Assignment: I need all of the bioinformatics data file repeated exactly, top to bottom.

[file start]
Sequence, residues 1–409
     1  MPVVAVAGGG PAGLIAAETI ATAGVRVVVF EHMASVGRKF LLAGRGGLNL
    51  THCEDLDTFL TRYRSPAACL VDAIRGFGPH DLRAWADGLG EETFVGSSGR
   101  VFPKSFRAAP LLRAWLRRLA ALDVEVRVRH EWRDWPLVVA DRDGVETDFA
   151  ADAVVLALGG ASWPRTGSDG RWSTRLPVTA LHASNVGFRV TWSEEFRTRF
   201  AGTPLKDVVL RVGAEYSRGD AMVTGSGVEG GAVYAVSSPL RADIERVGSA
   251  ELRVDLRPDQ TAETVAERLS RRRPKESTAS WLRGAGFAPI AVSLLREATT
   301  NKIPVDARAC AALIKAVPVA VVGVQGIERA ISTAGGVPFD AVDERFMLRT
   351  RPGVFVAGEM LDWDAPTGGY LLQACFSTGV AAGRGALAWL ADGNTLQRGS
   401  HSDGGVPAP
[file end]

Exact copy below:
Sequence, residues 1–409
     1  MPVVAVAGGG PAGLIAAETI ATAGVRVVVF EHMASVGRKF LLAGRGGLNL
    51  THCEDLDTFL TRYRSPAACL VDAIRGFGPH DLRAWADGLG EETFVGSSGR
   101  VFPKSFRAAP LLRAWLRRLA ALDVEVRVRH EWRDWPLVVA DRDGVETDFA
   151  ADAVVLALGG ASWPRTGSDG RWSTRLPVTA LHASNVGFRV TWSEEFRTRF
   201  AGTPLKDVVL RVGAEYSRGD AMVTGSGVEG GAVYAVSSPL RADIERVGSA
   251  ELRVDLRPDQ TAETVAERLS RRRPKESTAS WLRGAGFAPI AVSLLREATT
   301  NKIPVDARAC AALIKAVPVA VVGVQGIERA ISTAGGVPFD AVDERFMLRT
   351  RPGVFVAGEM LDWDAPTGGY LLQACFSTGV AAGRGALAWL ADGNTLQRGS
   401  HSDGGVPAP